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Cowboy Games on why game development is a risk, but a risk worth taking

Cowboy Games on why game development is a risk, but a risk worth taking

How did you get into game development?

Perhaps you woke up one morning with an idea so good that it couldn't be ignored.

Maybe you've been a gamer for as long as you can remember, and couldn't wait to contribute your own creations to the art form.

Or, if you're like the team over at indie developer Cowboy Games, you probably just wanted to tell a really elaborate joke.

You see, for Ed Barrett and Tom Judd - the founding members of Cowboy Games - designing, creating, and ultimately selling a game was only initially meant to be an entertaining side project.

The duo's real work was being done at at London-based animation studio, Animade, where they collaborated with a talented team intent on pushing the boundaries of animation and interactive design.

Founded by Tom and his business partner James, Animade was created as a way to pursue one passion while giving the Cowboy Games the lifeline it needed to stay afload. 

Without Animade, Cowboy Games couldn't exist, but as Animade began to develop and grow the lines between animation, interaction, and gaming were becoming blurred.

Initially we approached game development as something as a joke.
Ed Barrett

Eventually, with the firm continuing to leap from strength to strength, new faces were brought in, giving Ed and Tom more time to plunge back into the uncharted waters of game development.

It was a win-win situation, a perfect status quo, and it was at this point that the pair realised they might've unearthed that rarest of gems: an idea that had the potential to go the distance.

Why so serious?

"Initially we approached game development as something as a joke. It wasn’t serious at all," explains Ed.

"We were going to try and dress our game up as this hugely fanciful project, full of animation and design, but then, when you get to the gameplay there’d be hardly anything there, and you’d realise it’s a joke.

"Very quickly though, we realised that this nothing mechanic, of what was essentially a reaction game, was fun to play, so then we started to knuckle down at take the whole thing quite seriously."

The Cowboy Games team let their love of animation shape their first project, Ready Steady Bang: a title that gave birth to the Cowboy.

"We wanted the game to have stripped back mechanics, and stripped back visuals. We aimed to use our love of design and animation to construct a game that we could create using - at the time - our limited knowledge. The result of that process was Ready Steady Bang," reveals Ed.

"To keep the Cowboy alive we went into animation production, and pushed those products.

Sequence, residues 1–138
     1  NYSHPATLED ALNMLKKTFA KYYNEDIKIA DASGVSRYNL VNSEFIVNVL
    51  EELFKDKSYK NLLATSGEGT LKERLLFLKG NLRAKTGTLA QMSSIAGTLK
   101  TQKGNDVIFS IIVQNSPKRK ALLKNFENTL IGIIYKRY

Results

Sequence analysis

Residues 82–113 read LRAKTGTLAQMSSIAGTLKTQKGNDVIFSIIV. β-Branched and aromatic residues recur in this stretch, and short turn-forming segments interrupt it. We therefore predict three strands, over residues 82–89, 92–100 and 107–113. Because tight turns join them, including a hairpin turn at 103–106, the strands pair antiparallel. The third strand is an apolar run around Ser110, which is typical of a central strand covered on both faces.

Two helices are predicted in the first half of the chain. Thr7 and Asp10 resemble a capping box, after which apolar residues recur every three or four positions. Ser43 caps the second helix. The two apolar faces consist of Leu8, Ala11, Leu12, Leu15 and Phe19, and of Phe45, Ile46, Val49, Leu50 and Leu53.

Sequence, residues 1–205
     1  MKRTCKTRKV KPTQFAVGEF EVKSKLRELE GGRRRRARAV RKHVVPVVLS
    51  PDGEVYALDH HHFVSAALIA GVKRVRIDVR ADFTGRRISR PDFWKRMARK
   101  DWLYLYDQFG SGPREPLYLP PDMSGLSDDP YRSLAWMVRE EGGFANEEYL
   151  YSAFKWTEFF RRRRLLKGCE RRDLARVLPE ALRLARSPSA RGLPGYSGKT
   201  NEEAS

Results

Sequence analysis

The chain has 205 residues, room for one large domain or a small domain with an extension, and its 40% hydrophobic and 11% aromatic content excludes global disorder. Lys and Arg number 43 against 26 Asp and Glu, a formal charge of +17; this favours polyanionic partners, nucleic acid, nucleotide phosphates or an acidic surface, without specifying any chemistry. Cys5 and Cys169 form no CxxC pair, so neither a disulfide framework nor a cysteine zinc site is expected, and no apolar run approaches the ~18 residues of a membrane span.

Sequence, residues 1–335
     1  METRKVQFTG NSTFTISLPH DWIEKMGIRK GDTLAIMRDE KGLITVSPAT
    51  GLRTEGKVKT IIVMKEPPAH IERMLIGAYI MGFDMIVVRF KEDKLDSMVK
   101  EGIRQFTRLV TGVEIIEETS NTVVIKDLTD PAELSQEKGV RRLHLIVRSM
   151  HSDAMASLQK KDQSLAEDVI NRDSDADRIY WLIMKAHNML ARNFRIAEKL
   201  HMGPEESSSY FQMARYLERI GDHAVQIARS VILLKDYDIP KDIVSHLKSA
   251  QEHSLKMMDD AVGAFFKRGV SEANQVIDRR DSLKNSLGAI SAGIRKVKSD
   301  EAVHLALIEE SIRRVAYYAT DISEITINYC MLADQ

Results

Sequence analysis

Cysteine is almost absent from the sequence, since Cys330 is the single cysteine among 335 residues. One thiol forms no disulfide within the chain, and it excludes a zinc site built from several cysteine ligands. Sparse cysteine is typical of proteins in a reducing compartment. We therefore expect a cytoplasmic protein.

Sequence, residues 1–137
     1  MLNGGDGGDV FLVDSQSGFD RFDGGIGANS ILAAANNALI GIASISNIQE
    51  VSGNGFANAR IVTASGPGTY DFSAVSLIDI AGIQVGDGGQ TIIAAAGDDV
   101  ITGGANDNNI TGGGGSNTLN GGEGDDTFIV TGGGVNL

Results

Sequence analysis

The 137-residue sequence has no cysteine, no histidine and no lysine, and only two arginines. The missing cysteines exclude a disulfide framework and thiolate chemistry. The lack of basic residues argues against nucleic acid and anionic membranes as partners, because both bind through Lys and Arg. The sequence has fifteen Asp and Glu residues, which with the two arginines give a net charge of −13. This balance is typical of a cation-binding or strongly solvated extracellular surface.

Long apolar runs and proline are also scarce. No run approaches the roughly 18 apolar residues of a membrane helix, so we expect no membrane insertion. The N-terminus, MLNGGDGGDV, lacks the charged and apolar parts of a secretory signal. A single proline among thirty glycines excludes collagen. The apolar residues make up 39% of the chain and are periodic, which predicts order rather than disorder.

"We knew how much we loved the character, but we were also trying to become successful animators, and that took up a lot of our time.

We realised it was important our gaming became a cross between animation and interaction.
Ed Barrett

"At that time, the only thing we could do for the Cowboy was to throw up the odd promo video to boost the sale of Ready Steady Bang.

"However, as time progressed, and Animade as a company got a little larger, we were able to bring in people to do things. After that we suddenly realised it was important that our gaming became a cross between animation and interaction."

Guy love

Making the choice to dedicate more time to game design was a no-brainer, but the team still had to overcome their lack of development experience.

It was at this point, in Cowboy Games' self-professed hour of need, that Guy Kogus, a software engineer with a penchant for iOS development, appeared to answer the teams' prayers.

"Being a company that services both interactive entertainment and animation, it seemed crazy not to pursue game design," says Ed.

"That’s when Guy appeared, out of the beautiful thin air, like a shining knight. Guy helped us create a game that was a lot fuller, and do this Cowboy character that we love so much a lot more justice."

The Cowboy Games posse

Guy's addition meant the team had finally found their missing puzzle piece, and having a person on board who knew their way around iOS development proved invaluable.

"We tried our hand at one game that we realised was a bigger project than we were looking for, and we realised we weren't level designers," laughs Ed.

"There's a lot of expertise required to build a certain style of game, so we went back to good old Ready Steady Bang to spruce it up and add more playability.

You can have ambition, but whether or not you have the ability is another matter.
Ed Barrett

"That's why we wanted to do a set of mini-games. We wanted to show off all the things Guy could do."

Fluid development

With the dream team finally assembled, Cowboy Games began to work on a sequel to Ready Steady Bang.

The team's next game, appropriately titled Ready Steady Play, would once again reunite the Cowboy with a series of addictive, minimalist, and polished mini-games.